European nations are far behind Mexico and China when it comes to receiving liquefied natural gas from the U.S., but the region is making its biggest effort to date to change that.
European Commission trade officials will travel to Washington on Aug. 20 to follow up on an energy agreement last month between the Commission’s President Jean-Claude Juncker and U.S. President Donald Trump. Europe pledged to import more LNG in a bid to diversify imports, while America is seeking new markets for its expanding production of the fuel. Russia is currently Europe’s biggest supplier.
“The European Union is ready to facilitate more imports of liquefied natural gas from the U.S. and this is already the case as we speak,” Juncker said in a statement on Thursday. “The growing exports of U.S. liquefied natural gas, if priced competitively, could play an increasing and strategic role in EU gas supply.”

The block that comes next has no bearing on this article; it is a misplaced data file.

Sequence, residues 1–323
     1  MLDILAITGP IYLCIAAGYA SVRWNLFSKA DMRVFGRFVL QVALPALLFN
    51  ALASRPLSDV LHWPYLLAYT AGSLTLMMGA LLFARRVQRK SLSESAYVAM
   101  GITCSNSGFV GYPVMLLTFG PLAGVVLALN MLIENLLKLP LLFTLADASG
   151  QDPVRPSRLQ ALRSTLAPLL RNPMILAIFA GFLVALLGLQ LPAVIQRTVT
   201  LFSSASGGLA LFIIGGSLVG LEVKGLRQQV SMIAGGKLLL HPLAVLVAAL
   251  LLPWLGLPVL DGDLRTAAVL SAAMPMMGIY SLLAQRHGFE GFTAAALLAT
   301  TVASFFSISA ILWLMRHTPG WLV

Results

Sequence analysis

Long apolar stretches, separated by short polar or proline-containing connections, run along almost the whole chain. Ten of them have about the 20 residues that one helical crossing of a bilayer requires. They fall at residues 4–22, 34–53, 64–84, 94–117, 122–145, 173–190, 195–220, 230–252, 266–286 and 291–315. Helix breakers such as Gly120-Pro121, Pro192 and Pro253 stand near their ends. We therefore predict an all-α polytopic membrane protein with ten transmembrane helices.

Europe received about 10 percent of total U.S. exports last year, up from 5 percent in 2016 after the American shale gas revolution went global with the opening of the Sabine Pass export facility on the country’s Gulf of Mexico coast. Since then, Europe has imported more than 40 LNG cargoes from the U.S., or 2.8 billion cubic meters, the Commission said.